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Seniors are once again feeling isolated by the pandemic

seniors pandemic
Posted at 2:53 PM, Jan 19, 2022

WESTCHESTER COUNTY, NY — For the better part of two years, there have been countless seniors across this country who are still too afraid to leave the house for fear of catching COVID-19.

One of those people is my 90-year-old grandmother, who we affectionally call, “Nanny.”

Her real name is Laura and she lives just outside of New York City in a single-story home that she first bought more than three decades ago with her second husband and the man, who I always knew as my grandfather. But after he passed away, it was just Nanny, living alone in her house filled with art, family pictures and relics of the past.

At 91, Nanny has never minded the loneliness that often comes with living by yourself, until the pandemic hit.

"I use to keep my suitcase by the door and packed. I was always ready to go. But I don’t go anywhere anymore. I’ve slept in this house every night for two years. I miss people," Nanny lamented as we sat and talked on her front porch recently.

Like other grandparents her age, Nanny is vaccinated, but with the recent surge in COIVD cases, she doesn’t want to risk getting sick with the virus.

"How do you know with old people that we might have some underlying condition we aren’t even aware of? Is that what’s holding you back? I just don’t think we have all the answers yet," she explained.

We’ve checked in with Nanny a few times during the pandemic. She’s kind of like our barometer, a measurement tool we’ve come to use to see how seniors in this country are holding up.

Last January, things weren’t great. But by the summer, Nanny was vaccinated and even started feeling comfortable enough to let people back inside her house.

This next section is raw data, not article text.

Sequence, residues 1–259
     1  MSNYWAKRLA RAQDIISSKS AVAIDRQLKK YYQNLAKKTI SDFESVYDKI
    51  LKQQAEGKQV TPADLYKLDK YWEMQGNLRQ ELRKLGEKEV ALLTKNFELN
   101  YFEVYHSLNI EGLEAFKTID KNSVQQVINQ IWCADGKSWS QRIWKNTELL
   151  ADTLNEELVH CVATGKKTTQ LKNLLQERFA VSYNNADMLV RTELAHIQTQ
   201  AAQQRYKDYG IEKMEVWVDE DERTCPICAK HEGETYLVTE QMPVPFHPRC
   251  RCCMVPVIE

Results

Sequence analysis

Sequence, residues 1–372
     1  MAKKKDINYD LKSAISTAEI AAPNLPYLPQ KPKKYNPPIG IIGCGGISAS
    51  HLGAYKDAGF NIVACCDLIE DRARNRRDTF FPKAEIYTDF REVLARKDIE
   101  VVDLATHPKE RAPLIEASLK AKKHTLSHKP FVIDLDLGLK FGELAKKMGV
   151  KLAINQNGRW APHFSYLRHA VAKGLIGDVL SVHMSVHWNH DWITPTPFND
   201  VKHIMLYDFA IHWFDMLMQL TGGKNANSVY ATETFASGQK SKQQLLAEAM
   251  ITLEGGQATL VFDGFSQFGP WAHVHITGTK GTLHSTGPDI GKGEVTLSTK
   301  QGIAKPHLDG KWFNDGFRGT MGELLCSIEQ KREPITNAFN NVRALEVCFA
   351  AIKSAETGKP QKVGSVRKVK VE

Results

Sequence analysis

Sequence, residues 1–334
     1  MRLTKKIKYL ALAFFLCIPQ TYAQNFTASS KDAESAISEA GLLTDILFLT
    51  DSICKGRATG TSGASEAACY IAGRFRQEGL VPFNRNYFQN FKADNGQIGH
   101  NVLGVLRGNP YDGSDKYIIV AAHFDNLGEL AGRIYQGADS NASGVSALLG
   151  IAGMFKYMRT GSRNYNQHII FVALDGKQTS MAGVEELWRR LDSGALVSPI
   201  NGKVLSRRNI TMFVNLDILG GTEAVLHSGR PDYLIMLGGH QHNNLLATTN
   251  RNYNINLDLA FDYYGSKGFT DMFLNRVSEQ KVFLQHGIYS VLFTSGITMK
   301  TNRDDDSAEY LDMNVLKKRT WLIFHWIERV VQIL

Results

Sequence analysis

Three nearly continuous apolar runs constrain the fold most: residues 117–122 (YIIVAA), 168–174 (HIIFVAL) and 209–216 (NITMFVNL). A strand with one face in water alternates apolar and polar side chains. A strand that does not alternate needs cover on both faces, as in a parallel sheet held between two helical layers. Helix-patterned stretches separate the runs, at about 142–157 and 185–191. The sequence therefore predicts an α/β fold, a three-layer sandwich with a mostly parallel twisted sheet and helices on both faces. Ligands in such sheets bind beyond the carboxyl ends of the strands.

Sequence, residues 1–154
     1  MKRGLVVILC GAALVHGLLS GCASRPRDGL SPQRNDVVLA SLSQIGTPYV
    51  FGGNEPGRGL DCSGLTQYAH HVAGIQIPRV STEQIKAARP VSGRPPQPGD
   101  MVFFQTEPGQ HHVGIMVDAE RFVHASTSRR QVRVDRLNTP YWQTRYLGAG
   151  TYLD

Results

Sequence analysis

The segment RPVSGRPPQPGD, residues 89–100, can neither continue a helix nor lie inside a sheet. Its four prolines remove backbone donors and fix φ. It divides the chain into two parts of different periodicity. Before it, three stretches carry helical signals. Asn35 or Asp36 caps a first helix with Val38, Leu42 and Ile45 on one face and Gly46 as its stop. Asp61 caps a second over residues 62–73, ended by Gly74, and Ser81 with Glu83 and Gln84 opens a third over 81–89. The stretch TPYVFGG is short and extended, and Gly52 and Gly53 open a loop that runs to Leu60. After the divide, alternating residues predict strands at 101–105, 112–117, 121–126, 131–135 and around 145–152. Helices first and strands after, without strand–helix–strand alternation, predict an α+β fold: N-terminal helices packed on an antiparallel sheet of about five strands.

But here we sat at the start of 2022, back outside on Nanny’s porch on a cold January morning. With COVID cases on the rise, she has retreated into isolation.

"One day is just like another day. Sometimes when I wake up I think, ‘What’s today?’ I don’t know what day it is," she added.

Amid all the isolation, though, there are still plenty of bright spots. Once a week on Sundays, Nanny walks across the street to church and sits in the very back so no one is around her.

"I have the same seat, nobody sits there, there’s nobody around me," she said.

And in December of 2021, there was another good day. After a great deal of pleading from her family, we convinced Nanny to let us celebrate her 91st birthday indoors.

"I think about it all the time. It was so wonderful to be around all those people and talk to everyone," Nanny remarked.

For Nanny and so many other grandparents, though, there is the inevitable acceptance. At 91-years-old the pandemic will just be a piece of the rest of her life.

"I think it’s just always going to be here. And it’s, it’s upsetting because everybody’s lives are turned upside down," she added.

But while the days may run together a bit more than she’d like, Nanny is grateful that even on a cold January afternoon, she can still sit on her front porch and be hopeful about the future.

"I hope that it’ll get better and we can go back to the way it was."

Chris Conte is a National Correspondent for E.W. Scripps. He shares this story with his grandmother as part of a series of stories examining the question, 'How are you doing?' where we check in with people from different walks of life to see how they’re handling the pandemic.